Monday, June 8, 2015

Pointer Sisters - Break Out (1983)

How awesome is this record player!?

If you're over the age of 35, you'll probably remember the day you found out that Boy George was in fact, a man.  How about the day you found out that Mike Score was actually a hairdresser before singing with Flock of Seagulls.  OK, when you learned that Eddie Van Halen was the one responsible for the epic guitar solo in MJ's Beat It?  Here's another one.  The lead vocals on the Pointer Sisters 2nd single from 1983's Break Out, Automatic, was in fact not a man.  -Gasp  Those hooks belong to Ruth Pointer.  


This is was an interesting release for the time.  In 1983, we were literally just hearing about CD's.  Seriously, not factoring ABBA into it, Billy Joel's 52nd street was the first album spun to that devil plastic in 1982.  This album shot way up the charts on the strength of it's vinyl only release. in 1983.  It spawned 5 singles, went platinum 3 times, and won 2 minor Grammy awards.  I say minor because 1 category thankfully no longer exists, and the other is an arrangement award.  (Let's thank the resurgence of pop for killing that award a few years ago!)

The album had 2 initial releases.  Originally, a rather bizarre synth-pop, (Think super early Thomas Dolby stuff, or super nostalgia Eddie Murphy stuff.), song called Nightline, which was intended for Michael Jackson's Thriller was pressed for and recorded by the Pointer Sisters.  Wisely it was subbed out for the now immortal, (Thanks Jesse!), I'm so Excited on later releases of this album.  

This is one of those albums that you would be hard pressed to not find a favorite song.  Who didn't rock out to the Neutron Dance?  Their first single on the album, I Need You, which was more soul than pop. I'm going to call the lead song on the record their opus, Jump.  Hell, I even remember the first time I heard that song on the radio. 


This album also marked the early signs of the downfall of solid albums.  It's painfully obvious that all the most popular, (Note: I didn't say best), songs the Pointer Sisters have ever done on their most commercial record ever, (They've released 7 original albums) are all on the "A" side of this album.  That's not done by accident.  This album draws a clear line where popularity ends and album filler or "B" sides begin.  Sure, the practice has been around long before the 80's, but to a degree it wasn't obvious.  "A" sides historically had a way of just being hits.  They were the songs that would be played first and often.  Didn't feel like flipping a record or tape?  Just replay.  "B" sides on the other hand at one point in music history were at least manufactured to become great. at some point by some artists.  There was a period where an artists entire album had to be good for people to buy it, and people certainly did exactly that.  That's where we get the Classic Rock and Blues era.  These day's it's ultra rare for an artist to release an overall great album, why?  Well, progression.  Now we have the choice to pick whatever songs from whatever artists we want based on little more than what sounds great in the moment.  Heard something on the radio that was catchy?  Download it.  Out and about around town and hear a song that could have legs?  Bust out SoundHound, search it, tag it, and download it later.  So called "artists" know this, and therefore why on earth do they have to put any measurable effort into creating good music?  All they need is a hit or two, everything else is filler.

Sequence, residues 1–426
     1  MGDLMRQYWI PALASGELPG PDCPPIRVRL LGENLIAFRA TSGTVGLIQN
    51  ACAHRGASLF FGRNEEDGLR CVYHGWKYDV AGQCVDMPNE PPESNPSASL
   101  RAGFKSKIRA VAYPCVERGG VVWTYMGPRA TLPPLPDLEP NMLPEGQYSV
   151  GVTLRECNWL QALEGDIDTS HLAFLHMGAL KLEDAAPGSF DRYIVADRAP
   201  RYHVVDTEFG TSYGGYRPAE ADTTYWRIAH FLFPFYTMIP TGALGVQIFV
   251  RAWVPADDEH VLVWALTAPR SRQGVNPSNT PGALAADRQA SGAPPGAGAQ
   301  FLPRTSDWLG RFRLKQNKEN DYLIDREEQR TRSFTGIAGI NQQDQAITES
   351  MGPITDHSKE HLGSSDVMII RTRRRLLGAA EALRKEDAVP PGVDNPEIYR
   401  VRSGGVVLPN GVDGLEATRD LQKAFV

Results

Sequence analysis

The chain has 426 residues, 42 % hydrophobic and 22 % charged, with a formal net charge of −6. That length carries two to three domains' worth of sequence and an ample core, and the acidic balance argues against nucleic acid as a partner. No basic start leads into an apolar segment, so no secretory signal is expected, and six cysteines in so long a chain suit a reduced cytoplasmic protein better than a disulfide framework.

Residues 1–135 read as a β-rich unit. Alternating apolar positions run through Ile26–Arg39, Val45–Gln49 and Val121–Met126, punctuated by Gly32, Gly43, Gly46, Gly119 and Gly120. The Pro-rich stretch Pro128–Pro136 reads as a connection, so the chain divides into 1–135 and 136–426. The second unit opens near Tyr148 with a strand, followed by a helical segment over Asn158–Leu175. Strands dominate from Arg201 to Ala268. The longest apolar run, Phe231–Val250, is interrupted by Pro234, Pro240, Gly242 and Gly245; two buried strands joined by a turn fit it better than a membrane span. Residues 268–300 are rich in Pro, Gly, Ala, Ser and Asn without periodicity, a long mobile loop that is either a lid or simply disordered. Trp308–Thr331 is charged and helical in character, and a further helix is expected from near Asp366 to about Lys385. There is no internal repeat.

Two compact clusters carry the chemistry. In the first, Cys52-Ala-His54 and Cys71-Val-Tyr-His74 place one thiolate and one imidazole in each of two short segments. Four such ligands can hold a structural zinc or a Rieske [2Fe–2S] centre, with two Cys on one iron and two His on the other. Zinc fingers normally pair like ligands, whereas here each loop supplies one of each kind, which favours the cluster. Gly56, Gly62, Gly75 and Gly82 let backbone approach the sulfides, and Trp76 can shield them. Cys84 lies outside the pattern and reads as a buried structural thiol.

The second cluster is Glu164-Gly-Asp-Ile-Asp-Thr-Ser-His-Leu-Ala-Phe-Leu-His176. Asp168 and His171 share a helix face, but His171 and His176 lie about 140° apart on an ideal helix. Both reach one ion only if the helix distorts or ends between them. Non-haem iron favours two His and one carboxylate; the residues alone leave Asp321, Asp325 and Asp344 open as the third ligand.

With regard to the Pointer Sisters, their whole career was based on building up to this album.  They were consistently great from their inception with their first single, a country song mind you...


They went on to release their first album, a self titled gold certified, soul album, The Pointer Sisters in 1973.  From there they weathered through the disco 70's by weaving soul with pop all building to something that had to break out in a post Michael Jackson Thriller world.  You know, Thriller?  It's release basically changed music permanently, killed disco, and gave birth to cinematic music video's.  Yeah, that Thriller.  I would say that given the all the hidden little gems behind this album, all the hits, all the history of the group, that this was exactly why this album more than most of that age just stands the test of time.  So yeah, if you remember any part of the Pointer Sisters, you remember this album.  You remember your parents owning.  You remember rocking out to it before going out.  That's kind of the hallmark of a great overall album.  You don't forget it.  

Neutron Dance

If you have a turn table, get to a record store and get this album.  It was so popular it'll be cheap,but it won't be easy to find.  Not in great condition anyway.  Hell, I found mine doing some good old fashioned roadside crate digging.  Go own this album.  Next week, we're going to finally do some classic rock!  

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